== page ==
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Signac, Paul (1863–1935) By Bezverkhny, Eva

DOI: 10.4324/9781135000356-REM908-1
Published: 09/05/2016
Retrieved: 24 April 2024, from


Paul Signac was a prolific French Neo-Impressionist painter during the late 19th and early 20th centuries. His friendship with Georges Seurat defined the early part of his career in which he explored Pointillist and Divisionist painting methods. Interested by the laws and theories of physiological optics, Signac experimented with the effects of light and purposeful juxtaposition of color on canvas to produce effects in the eye of the viewer. Through the application of small, deliberate brushstrokes, Signac furthered the development of Neo-Impressionist painting techniques. Signac and Seurat practiced their theories of contrasting color through “Pointillism,” the application of small dabs or dots of paint in calculated compositions. Following the death of Seurat in 1891 Signac turned from oil painting to watercolor and began to incorporate broader brushstrokes. He defined his new method as Divisionist rather than Pointillist. Signac focused his attention primarily on the promotion and dissemination of Divisionism and Neo-Impressionism.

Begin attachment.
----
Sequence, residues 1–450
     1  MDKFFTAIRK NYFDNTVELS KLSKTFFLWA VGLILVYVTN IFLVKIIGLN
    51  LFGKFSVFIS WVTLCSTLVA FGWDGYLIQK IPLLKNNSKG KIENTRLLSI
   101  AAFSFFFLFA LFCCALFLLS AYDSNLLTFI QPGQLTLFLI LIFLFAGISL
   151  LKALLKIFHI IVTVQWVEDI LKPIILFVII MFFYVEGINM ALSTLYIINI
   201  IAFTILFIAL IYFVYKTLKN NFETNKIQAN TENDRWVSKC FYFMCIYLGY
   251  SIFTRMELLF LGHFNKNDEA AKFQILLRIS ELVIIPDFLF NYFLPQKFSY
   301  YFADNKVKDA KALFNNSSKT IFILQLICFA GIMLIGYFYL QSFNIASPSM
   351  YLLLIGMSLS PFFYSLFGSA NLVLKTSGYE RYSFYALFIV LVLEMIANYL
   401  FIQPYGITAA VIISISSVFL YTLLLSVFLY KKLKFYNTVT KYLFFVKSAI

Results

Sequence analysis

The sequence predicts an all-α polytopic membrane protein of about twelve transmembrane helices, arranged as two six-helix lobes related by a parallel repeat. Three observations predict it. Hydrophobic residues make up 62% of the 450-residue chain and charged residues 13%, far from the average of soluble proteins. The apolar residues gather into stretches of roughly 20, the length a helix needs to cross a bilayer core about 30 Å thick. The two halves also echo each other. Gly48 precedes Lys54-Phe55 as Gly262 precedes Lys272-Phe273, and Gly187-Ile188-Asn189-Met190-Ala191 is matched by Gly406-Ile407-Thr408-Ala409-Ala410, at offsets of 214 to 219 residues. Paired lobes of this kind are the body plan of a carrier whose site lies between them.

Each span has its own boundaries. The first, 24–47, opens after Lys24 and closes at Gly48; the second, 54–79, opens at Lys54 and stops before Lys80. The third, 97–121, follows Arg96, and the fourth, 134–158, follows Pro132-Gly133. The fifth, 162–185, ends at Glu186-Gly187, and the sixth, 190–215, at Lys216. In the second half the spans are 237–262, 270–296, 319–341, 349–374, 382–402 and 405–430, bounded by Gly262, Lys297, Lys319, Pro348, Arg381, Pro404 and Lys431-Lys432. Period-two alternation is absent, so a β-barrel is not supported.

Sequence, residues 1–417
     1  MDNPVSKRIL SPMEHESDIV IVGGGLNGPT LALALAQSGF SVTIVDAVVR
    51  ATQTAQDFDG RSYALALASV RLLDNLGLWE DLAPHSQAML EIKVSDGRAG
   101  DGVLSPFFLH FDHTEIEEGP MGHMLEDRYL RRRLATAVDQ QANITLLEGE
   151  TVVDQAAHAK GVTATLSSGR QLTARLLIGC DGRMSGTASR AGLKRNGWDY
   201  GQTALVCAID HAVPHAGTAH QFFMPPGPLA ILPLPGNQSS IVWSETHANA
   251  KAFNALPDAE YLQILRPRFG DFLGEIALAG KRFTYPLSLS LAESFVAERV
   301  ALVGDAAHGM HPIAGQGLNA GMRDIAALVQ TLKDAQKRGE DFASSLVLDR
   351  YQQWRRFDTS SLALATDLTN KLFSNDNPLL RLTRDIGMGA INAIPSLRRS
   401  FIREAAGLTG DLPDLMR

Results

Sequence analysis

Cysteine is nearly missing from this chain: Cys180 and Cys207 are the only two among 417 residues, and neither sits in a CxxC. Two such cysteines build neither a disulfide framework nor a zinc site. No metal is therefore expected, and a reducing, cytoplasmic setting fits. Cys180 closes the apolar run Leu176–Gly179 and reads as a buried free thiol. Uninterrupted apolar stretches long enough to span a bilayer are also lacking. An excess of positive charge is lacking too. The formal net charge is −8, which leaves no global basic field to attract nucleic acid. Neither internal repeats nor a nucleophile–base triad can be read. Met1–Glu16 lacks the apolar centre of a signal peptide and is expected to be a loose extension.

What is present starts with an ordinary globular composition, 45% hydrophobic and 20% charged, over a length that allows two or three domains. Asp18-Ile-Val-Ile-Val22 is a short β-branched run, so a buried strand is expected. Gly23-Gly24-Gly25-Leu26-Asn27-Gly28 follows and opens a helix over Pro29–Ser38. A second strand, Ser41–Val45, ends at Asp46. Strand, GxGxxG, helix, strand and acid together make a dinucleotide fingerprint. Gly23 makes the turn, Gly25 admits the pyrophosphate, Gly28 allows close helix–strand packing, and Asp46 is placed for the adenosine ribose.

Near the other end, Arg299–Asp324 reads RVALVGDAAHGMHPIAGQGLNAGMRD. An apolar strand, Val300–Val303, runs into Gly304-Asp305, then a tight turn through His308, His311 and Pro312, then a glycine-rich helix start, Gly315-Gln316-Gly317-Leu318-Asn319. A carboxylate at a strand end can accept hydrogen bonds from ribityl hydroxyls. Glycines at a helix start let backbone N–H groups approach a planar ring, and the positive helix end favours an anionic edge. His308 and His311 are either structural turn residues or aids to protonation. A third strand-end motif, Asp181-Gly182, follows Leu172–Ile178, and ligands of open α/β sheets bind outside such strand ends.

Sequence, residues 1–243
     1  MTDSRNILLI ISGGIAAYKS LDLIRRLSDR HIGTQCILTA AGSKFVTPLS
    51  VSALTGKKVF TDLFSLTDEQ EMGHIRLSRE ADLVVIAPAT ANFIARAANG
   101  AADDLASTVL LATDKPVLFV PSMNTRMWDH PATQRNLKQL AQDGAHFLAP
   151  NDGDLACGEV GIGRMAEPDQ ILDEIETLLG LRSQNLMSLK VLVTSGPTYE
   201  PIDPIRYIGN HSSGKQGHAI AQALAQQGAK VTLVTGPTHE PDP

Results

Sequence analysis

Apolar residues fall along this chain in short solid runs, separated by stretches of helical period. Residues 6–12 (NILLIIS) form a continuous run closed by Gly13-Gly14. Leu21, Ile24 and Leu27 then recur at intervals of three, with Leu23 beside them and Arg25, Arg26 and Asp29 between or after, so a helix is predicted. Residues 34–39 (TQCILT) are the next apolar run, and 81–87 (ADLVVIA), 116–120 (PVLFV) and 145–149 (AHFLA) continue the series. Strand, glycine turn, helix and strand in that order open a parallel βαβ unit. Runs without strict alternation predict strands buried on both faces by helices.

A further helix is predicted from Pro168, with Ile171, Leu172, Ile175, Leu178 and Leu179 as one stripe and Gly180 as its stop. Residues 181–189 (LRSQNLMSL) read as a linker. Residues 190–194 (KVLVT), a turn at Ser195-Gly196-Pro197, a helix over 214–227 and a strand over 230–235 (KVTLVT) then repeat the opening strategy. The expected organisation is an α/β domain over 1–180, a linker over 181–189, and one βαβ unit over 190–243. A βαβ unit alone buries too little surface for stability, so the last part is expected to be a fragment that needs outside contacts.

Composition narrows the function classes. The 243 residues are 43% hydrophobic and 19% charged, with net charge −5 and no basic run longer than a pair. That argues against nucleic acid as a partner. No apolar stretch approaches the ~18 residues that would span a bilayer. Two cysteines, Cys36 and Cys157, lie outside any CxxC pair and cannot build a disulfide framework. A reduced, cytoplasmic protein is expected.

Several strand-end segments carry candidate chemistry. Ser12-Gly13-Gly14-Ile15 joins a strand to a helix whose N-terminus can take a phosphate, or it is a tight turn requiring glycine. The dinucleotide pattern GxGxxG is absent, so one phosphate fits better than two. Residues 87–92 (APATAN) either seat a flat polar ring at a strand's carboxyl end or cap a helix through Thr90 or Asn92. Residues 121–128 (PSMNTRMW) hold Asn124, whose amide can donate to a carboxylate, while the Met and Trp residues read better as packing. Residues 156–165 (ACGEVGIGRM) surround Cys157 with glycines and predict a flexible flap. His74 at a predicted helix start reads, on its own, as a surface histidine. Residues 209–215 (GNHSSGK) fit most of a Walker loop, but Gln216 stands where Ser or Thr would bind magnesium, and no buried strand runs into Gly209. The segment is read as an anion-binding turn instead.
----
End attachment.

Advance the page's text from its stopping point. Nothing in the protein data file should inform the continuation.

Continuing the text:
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Bezverkhny, Eva. Signac, Paul (1863–1935). Routledge Encyclopedia of Modernism, Taylor and Francis,

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